Hospitals are a little like the beach. The next wave comes in, and the footprints of your pain and suffering, your delivery and recovery, are obliterated; the sheets are changed.
-Anna Quindlan, “One True Thing”
When a patient spends more than a few days in the hospital, the room often takes on his or her personality. For a while, the patient and family have a space — four walls, a bathroom, a window — that becomes their own. Frequently, I feel like a visitor as I enter such a room. When I walk the halls, my memory stirs as I link specific rooms with particular patients and their stories.
When I was first in practice, I was asked to see a woman who had been hospitalized for several weeks. She was holding her own but, in those days before hospice, she had nowhere else to go. As I opened the door, my nose filled with the aroma of flowers. There was soft music playing, The bedraggled bulletin board was covered with family photos and get well cards. A “We Miss You!” banner hung from the ceiling. Board games were stacked on the ledge.
The place felt like someone’s home or maybe their summer cottage. Family and friends had taken a few square feet of hospital and planted their own personal healing garden. “The flowers are beautiful!”
I commented, approaching the bed rail. “It’s like a funeral parlor, don’t you think?”
she responded. I looked to see if she was serious. Her eyes gave her away. “A very classy funeral parlor,”
Over the next few weeks, she deteriorated. Her family kept vigil, personalizing and rearranging the photos, cards and mementos. Every few days, I looked to see what was new.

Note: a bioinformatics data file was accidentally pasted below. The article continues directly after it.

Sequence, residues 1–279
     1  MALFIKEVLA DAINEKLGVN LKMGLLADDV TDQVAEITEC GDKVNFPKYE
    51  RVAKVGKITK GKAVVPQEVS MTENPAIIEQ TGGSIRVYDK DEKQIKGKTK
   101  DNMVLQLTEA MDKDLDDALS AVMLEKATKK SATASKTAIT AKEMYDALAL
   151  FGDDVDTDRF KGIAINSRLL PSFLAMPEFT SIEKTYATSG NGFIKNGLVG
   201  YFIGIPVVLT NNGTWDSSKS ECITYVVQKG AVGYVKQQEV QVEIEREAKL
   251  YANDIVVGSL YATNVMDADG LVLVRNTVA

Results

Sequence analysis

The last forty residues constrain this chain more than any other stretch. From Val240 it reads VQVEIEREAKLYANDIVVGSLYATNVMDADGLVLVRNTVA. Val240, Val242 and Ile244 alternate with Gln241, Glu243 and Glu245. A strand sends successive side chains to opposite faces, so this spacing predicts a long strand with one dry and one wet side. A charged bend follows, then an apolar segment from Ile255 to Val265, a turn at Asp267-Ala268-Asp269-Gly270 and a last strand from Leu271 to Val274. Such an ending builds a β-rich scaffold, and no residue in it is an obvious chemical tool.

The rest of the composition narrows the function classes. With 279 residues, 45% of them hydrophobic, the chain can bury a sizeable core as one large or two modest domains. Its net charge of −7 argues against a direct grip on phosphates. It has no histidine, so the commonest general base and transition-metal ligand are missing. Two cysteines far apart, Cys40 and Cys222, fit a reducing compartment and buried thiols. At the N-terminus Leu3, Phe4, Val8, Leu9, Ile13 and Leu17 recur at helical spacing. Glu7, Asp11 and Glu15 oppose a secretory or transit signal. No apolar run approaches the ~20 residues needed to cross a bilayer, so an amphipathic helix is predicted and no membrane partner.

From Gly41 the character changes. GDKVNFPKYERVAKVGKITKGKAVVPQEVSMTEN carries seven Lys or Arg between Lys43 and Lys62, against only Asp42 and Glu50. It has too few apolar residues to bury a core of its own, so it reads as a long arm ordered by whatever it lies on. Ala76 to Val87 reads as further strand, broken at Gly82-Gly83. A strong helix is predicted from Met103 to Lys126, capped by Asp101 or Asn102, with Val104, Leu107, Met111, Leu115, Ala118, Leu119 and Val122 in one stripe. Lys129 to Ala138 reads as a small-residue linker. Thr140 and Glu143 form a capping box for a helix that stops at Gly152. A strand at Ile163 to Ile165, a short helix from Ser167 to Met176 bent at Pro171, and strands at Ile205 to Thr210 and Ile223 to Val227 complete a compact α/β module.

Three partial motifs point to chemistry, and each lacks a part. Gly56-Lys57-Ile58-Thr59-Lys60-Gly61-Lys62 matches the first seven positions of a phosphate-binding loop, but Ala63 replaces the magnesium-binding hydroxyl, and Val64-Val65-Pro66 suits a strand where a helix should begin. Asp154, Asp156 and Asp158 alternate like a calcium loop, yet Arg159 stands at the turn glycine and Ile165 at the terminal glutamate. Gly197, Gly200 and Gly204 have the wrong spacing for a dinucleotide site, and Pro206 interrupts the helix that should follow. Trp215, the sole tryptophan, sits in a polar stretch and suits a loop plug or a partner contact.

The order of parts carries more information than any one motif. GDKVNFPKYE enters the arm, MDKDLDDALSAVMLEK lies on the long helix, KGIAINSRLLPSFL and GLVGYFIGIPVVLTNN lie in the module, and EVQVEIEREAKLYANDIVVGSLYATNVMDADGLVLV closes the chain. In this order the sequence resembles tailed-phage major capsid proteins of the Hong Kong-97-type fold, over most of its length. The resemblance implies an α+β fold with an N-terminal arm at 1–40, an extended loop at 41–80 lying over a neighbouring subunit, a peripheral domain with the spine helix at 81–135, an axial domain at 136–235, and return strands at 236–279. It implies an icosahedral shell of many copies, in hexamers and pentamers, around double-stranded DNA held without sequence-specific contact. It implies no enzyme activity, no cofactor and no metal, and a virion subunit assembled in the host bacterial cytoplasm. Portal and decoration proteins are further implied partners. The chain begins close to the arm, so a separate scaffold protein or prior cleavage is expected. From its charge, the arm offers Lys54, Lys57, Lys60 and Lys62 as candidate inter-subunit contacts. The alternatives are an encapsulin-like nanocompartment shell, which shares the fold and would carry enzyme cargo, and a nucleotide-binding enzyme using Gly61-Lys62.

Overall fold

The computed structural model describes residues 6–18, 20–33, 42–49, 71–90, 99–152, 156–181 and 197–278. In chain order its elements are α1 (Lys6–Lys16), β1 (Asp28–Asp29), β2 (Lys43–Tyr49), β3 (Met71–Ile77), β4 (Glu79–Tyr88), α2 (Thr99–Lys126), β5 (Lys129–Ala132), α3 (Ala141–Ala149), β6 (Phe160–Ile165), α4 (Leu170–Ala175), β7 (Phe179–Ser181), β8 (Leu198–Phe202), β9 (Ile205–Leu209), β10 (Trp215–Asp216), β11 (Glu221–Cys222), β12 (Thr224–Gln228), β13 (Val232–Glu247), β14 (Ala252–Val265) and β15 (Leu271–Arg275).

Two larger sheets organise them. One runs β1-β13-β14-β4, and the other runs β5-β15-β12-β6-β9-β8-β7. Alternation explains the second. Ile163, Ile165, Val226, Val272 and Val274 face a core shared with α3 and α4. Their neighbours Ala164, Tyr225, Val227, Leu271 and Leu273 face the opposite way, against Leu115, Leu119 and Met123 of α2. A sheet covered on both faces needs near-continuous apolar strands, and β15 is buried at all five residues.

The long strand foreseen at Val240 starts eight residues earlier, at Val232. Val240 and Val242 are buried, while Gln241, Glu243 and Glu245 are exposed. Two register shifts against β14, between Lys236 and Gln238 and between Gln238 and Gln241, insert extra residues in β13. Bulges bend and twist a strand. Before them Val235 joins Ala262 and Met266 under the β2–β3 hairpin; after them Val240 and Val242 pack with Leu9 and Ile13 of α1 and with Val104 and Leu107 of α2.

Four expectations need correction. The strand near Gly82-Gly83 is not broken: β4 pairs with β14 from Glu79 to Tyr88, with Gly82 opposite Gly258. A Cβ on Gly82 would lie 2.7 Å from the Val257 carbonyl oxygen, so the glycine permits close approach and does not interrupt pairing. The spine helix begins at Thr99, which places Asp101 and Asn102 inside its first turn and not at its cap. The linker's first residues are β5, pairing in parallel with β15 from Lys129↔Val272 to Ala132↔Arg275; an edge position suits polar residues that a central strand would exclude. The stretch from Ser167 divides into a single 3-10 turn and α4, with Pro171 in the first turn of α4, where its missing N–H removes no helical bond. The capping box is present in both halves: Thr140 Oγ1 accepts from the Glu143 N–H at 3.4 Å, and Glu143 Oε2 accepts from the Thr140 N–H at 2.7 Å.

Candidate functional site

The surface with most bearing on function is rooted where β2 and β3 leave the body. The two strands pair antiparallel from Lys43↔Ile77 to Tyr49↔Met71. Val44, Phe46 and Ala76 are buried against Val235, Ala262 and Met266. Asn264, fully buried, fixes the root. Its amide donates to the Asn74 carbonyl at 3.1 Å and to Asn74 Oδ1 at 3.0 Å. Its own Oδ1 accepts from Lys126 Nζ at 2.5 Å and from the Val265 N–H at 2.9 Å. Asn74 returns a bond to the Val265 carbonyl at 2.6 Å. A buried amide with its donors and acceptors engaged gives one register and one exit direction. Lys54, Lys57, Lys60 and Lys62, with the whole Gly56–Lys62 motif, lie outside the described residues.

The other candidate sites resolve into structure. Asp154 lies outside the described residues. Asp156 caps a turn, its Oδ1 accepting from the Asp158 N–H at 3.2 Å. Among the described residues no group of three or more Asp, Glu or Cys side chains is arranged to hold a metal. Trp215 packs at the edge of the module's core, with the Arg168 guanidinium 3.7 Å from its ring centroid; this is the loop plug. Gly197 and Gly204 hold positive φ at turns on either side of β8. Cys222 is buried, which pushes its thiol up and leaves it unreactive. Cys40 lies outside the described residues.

One day, I knocked on the door and peeked in. The flower fragrance had dissipated and the room was empty. The bed was raised to its highest setting and the sheets were crisply made. I blinked. The personality had been swept away.
The cocoon had opened. She was gone.
Thanks to Courtney S. for the quote from Anna Quindlan.
||The following is feedback received for this blog:|
Thanks for painting a beautiful picture of a person not only a patient.
Dr Campbell...what a moving post!
I can relate to your patient.
My dear friend Pat... brought some of her personal items from her apartment when she entered into a hospice -palliative care facility.
Her room reminded me of her various homes and apartments. One of her beautiful oil paintings was hanging on the wall, her dried flower arrangements, books, and other things. She had a picture window with a gorgeous view. The room reflected her. There was always a peace that surrounded her and that was felt in any of her homes... and I felt it there as well.
She outlived the hospice time frame but fortunately was able to retain her room until she died.
There was a fold out sofa in the room and I stayed over a couple of times. Her room was like grand central station in that *staff* seemed to like to come in for a respite. She had been a counselor and also in ministry as well as teaching regarding death and dying.
Needless to say... she ministered to anyone in need around her. I did worry it may have been a bit much toward the end as she tired easily... but she had a gift for helping others... and enjoyed it. They seemed to love to hang out in her room.
No doubt...had she been your patient... you would've felt it too. I am sure she was missed by the staff.
I miss her too.
It's nice to know that physicians feel/care about their patients as you do.
I am moved... by the depth of feeling you have for your patients and the connected experiences. Not only do they live on in the hearts of others... but in the heart of their doctor as well... and it would warm my heart to know my docs cared as you do.